Foreign troops fighting in Afghanistan continue to pay a high toll, with more than 560 killed in 2011, the second highest number in the 10-year war against the Taliban-led insurgency.
Commanders from the NATO-led International Security Assistance Force (ISAF) say violence is declining following the U.S. military surge which saw an extra 33,000 troops on the ground.
But the U.N. says violence is up, while recent mass casualty strikes by the Taliban on civilians and coalition troops have fuelled analyst predictions that more bloodshed is likely as NATO hands control for security to Afghan forces.
The death toll of coalition service personnel in 2011 was 566 and includes at least 417 from the US and 45 from Britain, according to an AFP tally based on figures from independent website icasualties.org.
The number is down from a wartime high of 711 in 2010 after the start of the surge but up from 521 in 2009.
The toll in 2011 was added to on the final day of the year when ISAF announced a service member had died after a non-battle related incident in the south.
The fatality count has been worsened by several devastating attacks, including the car bombing of an ISAF convoy in Kabul in October which killed 17, and the shooting down of a helicopter in Wardak, south of the capital, in August in which 30 U.S. troops perished.
But it is Afghan civilians who have paid the highest price.
The deadliest attack saw at least 80 people killed in a shrine bombing in Kabul on the Shiite holy day of Ashura in early December.
The surge troops ̶ ordered in by U.S. President Barack Obama two years ago to turn the tide in the war ̶ have now begun to pull out, with 10,000 already gone and the rest leaving by next autumn.
Other foreign forces are also scaling down their missions ahead of a 2014 deadline for the withdrawal of all NATO combat forces. And one Western military official said some units have already been told not to carry out offensive operations.
Since the U.S.-led invasion toppled the Taliban from power in 2001, a total of 2,847 foreign troops have died in the conflict.
“We’ve seen a considerable reduction in enemy attacks (this year). That's a result of successes on the battle field and a reduction of their capability to attack us,” said ISAF spokesman Brigadier General Carsten Jacobson.
While fewer ISAF troops on the ground in the coming years may mean fewer coalition deaths, the civilian toll will not necessarily fall.
The U.N. said the number of civilians killed in violence in Afghanistan rose by 15 percent in the first six months of this year to 1,462. A full-year report is due out in mid-January.
Insurgents are blamed for 80 percent of the deaths, which are mostly caused by homemade bombs or IEDs.
NATO, which says enemy attacks are down eight percent, only includes “executed attacks” and not IED finds or instances where the Taliban intimidate local people.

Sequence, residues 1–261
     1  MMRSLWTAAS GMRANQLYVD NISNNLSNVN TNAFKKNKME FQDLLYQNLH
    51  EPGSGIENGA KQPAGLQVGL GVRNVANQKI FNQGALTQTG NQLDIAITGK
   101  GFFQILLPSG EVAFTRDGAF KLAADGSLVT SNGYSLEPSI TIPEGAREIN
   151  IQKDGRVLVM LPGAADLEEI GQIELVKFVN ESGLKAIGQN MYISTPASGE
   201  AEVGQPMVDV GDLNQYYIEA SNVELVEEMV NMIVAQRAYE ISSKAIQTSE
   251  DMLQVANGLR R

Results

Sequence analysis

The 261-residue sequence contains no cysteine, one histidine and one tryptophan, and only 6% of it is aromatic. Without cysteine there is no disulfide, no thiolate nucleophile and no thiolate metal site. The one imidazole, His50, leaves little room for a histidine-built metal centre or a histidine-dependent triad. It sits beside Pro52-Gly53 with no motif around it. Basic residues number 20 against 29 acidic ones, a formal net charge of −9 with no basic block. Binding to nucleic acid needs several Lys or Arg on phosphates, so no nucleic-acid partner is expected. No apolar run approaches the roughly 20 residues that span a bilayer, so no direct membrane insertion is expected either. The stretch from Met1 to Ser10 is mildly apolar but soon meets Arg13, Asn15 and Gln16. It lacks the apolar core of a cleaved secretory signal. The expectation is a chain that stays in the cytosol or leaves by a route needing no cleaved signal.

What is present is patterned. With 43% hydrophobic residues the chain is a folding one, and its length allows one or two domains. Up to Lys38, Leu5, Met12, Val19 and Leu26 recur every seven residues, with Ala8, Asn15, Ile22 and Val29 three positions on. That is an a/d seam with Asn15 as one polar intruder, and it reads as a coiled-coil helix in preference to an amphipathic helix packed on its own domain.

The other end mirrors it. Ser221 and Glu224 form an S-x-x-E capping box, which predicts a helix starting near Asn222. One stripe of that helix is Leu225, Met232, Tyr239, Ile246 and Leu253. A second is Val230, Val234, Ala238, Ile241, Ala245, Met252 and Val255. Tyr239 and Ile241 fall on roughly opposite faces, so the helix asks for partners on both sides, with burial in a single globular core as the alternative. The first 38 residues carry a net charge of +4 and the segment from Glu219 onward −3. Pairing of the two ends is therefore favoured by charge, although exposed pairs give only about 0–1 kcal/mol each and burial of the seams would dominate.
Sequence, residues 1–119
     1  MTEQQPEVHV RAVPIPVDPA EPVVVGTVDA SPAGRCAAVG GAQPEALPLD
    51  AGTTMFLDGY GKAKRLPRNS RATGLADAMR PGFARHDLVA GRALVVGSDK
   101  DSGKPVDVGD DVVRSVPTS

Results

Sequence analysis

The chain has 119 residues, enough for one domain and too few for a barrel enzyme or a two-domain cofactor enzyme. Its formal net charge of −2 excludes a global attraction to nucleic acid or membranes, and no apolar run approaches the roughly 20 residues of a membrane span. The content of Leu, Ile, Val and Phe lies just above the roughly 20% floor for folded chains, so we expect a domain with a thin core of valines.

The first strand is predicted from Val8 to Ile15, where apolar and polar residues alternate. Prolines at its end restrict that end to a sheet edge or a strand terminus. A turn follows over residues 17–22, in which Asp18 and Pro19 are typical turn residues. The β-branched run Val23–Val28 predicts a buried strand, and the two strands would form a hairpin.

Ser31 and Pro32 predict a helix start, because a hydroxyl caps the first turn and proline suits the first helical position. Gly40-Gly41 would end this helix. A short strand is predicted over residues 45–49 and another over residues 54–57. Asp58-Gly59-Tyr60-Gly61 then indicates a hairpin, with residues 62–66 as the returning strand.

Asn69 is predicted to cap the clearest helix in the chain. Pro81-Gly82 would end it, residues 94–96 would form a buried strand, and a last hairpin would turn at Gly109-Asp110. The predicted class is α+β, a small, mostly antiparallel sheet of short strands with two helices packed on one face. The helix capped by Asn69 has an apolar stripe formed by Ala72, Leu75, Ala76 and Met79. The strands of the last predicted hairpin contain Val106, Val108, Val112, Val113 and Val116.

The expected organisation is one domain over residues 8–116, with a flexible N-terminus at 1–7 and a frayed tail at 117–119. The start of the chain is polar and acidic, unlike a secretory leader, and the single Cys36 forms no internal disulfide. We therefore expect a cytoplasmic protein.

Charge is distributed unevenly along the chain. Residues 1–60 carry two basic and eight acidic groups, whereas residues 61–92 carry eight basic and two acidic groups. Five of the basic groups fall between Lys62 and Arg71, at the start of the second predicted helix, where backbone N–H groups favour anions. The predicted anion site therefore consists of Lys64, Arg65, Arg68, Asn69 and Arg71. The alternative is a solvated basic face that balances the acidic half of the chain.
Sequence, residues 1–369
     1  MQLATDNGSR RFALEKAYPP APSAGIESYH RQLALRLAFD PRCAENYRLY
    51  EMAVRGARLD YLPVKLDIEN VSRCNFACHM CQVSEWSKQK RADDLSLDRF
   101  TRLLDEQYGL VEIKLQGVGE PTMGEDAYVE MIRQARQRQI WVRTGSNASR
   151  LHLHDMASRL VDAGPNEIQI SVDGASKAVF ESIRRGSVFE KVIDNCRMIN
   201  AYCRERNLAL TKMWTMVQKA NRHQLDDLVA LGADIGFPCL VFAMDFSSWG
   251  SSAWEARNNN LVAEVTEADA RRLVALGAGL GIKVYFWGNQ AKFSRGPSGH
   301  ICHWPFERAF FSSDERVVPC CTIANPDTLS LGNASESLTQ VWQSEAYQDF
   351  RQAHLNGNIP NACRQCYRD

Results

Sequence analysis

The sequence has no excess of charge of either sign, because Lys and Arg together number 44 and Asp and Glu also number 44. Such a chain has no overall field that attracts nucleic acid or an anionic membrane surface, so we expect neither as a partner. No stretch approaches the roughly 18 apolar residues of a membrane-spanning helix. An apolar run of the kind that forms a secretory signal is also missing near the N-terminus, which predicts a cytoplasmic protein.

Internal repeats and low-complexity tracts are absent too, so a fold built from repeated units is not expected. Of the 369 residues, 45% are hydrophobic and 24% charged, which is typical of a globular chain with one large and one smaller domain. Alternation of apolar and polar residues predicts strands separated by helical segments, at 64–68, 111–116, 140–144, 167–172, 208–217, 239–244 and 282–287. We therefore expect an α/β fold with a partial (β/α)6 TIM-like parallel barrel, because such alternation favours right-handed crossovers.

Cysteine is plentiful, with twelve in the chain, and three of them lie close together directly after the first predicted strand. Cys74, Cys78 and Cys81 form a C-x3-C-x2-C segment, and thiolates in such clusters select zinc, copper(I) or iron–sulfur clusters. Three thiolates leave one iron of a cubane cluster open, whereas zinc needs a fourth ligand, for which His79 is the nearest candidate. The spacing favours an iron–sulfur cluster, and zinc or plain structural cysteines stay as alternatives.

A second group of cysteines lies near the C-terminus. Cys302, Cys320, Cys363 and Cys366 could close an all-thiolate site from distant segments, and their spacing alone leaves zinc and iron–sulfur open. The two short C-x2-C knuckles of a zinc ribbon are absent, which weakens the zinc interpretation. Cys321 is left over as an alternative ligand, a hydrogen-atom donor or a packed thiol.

Haroun Mir, an analyst at Afghanistan’s Center for Research and Policy Studies, said that while the Taliban were no longer engaging ISAF troops head-on, factions within the insurgency were intent on targeting civilians.
“The Taliban are deliberately targeting civilians to spread fear among the people. They want to show that despite the surge they are still active, that they have the capacity to disrupt life, especially in the cities,” he said.
The international community is looking for a political solution to the war and moves have been made to establish a Taliban office, possibly in Qatar, to enable peace talks.
But Mir said although some members of the Taliban would be willing to negotiate, others, such as those based over the border in Pakistan, are likely to become increasingly isolated and unleash more violence.
“We expect more terrorist attacks and more political assassinations during the phase of transition. These radical groups will do everything possible, especially after 2014, to weaken the government,” he said.
As security is handed over the Afghan National Security Forces (ANSF), which now number more than 300,000, can also expect to take on more casualties.
Since March 21, the beginning of the Afghan year, 1,400 police, 520 soldiers and 4,275 insurgents have been killed in the conflict, according to Afghan government figures.
However, there is some optimism that the reduction in the foreign presence may in itself lead to a fall in violence.
“The hope is that as foreign troops hand security to Afghan forces fewer local people will become radicalized,” said Fabrizio Foschini of the Afghanistan Analysts Network.
“And the insurgents won’t kill as many civilians collaterally by using highly destructive tactics to target foreigners,” he said.